One Of the Most Powerful Politicians in America Now Supports Marijuana Legalization


The news: Is 2014 to be the year of marijuana? After Colorado didn't burst into flames when it officially legalized marijuana, states including New York and New Hampshire have been making major moves towards relaxing laws on marijuana, and it seems Nevada might have just joined the conversation.  

Despite a rise in several of his state's municipalities issuing moratoriums on medical marijuana dispensaries, Senate Majority Leader Harry Reid (D-Nev.) believes his state should be taking major steps towards legalizing medical marijuana.

"If you'd asked me this question a dozen years ago, it would have been easy to answer – I would have said no, because [marijuana] leads to other stuff," Reid recently told the Las Vegas Sun. "But I can't say that anymore. I think we need to take a real close look at this. I think that there's some medical reasons for marijuana."

Wasting time on enforcement: Although Nevada voters approved Question 9 in 2000 for the state's constitution to recognize the use of medical marijuana, several municipalities including Las Vegas, Henderson, and Yerington have stopped the approval of applications, permits and licencing for medical marijuana dispensaries.

Currently in Nevada, permit holders may posses one ounce of usable marijuana and seven plants (three mature, four immature). But citing CNN and NPR reports and personal stories, Reid argued that the medicinal positives that come from marijuana use are prevalent enough that they deserve serious consideration and thought.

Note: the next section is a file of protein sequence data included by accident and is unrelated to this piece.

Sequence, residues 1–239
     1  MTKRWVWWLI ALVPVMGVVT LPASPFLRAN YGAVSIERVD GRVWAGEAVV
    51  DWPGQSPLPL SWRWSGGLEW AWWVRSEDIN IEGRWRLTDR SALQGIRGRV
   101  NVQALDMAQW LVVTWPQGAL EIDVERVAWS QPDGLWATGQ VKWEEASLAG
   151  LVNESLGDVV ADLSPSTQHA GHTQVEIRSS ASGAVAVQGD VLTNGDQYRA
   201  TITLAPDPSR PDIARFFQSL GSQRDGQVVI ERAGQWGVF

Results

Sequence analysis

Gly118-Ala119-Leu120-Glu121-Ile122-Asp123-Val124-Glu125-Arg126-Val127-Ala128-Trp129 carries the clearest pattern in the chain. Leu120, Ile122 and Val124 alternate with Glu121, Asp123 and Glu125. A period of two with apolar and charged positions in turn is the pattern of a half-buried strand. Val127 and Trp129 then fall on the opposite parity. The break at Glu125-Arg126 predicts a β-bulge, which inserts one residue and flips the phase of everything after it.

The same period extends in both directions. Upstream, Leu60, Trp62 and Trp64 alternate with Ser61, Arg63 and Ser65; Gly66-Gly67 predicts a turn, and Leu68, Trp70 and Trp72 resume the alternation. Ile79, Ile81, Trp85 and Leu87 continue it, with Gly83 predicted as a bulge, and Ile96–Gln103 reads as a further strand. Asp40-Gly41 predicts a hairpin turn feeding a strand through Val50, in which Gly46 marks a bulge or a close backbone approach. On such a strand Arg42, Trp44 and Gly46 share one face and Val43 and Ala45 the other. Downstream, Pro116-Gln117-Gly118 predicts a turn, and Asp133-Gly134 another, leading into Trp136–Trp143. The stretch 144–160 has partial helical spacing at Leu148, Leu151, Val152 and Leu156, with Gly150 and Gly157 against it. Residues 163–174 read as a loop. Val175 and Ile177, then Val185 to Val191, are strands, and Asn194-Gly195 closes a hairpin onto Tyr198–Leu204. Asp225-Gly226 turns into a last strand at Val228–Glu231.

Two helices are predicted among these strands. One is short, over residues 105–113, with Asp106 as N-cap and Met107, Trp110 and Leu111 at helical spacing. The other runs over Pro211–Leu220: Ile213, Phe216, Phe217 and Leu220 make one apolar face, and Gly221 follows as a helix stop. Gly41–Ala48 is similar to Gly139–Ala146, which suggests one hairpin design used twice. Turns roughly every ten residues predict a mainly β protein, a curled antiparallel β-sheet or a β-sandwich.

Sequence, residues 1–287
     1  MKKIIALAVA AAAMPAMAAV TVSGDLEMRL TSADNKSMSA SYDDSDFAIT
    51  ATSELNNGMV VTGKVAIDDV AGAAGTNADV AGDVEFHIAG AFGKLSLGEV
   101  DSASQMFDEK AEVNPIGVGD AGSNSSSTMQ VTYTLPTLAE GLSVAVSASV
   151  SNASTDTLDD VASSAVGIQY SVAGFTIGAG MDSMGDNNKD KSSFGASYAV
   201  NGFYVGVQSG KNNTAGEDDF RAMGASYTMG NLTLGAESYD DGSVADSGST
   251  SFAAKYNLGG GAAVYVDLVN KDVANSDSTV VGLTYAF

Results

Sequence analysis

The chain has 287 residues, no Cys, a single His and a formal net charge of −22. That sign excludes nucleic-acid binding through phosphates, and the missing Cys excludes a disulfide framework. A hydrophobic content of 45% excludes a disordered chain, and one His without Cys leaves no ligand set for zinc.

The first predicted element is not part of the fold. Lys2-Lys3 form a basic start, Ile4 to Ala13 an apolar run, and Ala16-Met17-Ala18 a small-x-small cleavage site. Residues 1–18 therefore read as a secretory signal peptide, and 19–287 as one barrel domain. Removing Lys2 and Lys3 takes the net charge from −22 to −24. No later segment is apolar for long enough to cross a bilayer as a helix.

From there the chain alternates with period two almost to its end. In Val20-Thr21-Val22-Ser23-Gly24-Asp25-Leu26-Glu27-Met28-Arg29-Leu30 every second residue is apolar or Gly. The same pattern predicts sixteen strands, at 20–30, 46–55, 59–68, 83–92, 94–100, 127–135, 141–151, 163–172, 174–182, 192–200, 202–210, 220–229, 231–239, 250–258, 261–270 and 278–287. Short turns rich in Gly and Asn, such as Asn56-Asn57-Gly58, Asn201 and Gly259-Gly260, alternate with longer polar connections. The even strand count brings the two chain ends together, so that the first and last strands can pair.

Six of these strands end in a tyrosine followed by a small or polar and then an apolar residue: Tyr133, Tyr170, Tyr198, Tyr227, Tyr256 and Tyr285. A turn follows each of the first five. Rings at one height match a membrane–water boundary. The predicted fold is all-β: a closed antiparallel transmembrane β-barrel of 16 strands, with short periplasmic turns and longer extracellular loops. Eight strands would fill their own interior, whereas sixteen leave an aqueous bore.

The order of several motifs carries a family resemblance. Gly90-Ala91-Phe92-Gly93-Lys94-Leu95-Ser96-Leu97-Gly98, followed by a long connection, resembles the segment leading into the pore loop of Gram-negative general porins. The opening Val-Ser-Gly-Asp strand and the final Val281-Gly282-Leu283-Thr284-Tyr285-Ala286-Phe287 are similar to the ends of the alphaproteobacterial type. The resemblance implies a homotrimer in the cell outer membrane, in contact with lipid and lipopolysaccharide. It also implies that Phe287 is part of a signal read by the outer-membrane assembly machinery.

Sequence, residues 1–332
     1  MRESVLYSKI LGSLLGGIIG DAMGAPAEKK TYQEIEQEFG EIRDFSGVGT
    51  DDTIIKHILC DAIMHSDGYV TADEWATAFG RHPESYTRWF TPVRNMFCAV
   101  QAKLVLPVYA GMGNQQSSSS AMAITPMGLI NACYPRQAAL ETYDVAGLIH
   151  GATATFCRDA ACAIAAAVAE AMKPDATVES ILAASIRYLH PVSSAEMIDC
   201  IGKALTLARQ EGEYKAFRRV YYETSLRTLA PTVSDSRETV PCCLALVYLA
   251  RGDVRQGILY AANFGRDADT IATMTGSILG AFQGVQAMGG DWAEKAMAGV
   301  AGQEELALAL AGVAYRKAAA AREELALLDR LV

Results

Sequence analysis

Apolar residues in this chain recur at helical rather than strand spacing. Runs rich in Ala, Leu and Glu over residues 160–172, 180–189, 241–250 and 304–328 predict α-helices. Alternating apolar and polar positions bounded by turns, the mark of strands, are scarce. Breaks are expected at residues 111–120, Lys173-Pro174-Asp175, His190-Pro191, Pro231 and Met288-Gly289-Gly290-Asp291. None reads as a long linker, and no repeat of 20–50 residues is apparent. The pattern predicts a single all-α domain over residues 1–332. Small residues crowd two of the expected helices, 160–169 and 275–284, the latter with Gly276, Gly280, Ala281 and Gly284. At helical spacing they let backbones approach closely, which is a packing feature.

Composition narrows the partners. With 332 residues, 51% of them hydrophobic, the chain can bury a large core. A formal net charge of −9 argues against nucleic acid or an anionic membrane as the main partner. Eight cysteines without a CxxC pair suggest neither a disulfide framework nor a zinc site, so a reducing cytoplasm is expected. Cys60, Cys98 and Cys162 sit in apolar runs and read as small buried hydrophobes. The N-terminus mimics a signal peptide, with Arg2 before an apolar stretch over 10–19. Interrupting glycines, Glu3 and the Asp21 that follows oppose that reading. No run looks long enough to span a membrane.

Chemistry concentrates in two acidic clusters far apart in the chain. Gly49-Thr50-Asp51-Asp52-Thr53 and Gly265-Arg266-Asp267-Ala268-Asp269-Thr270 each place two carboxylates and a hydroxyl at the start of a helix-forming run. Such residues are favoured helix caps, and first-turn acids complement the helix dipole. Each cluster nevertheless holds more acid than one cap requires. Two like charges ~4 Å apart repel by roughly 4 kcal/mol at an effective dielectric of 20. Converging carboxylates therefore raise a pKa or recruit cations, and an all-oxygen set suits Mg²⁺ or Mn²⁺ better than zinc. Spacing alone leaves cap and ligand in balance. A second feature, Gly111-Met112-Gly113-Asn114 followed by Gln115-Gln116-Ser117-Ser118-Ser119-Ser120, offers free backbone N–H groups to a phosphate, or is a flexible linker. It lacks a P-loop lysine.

When asked about recreational use, Reid stressed that his thoughts pertained only to medical use. "I don't know about that," he said. "I just think that we need to look at the medical aspects of it."

"I guarantee you one thing," Reid added. "We waste a lot of time and law enforcement going after these guys that are smoking marijuana."

The marijuana tidal wave continues: As it stands now, smoking weed is legally possible in 20 U.S. states and the District of Columbia. Two of those states have just legalized recreational marijuana use. As more states and more powerful names in state and federal politics evolve their views on the issue, it seems that the country is getting continuously closer to a more accepting stance on marijuana usage, especially for its noted medical benefits.

But because marijuana is still classified as a Schedule I drug — along with heroin, LSD, ecstasy, Quaaludes and peyote — many politicians and state legislatures are still hesitant to make any serious moves on the issue. Although a medical marijuana bill was introduced in the Pennsylvania state senate this week, Governor Tom Corbett (R) has said he will refuse to sign any such bill until the drug is officially approved for medicinal uses by the FDA.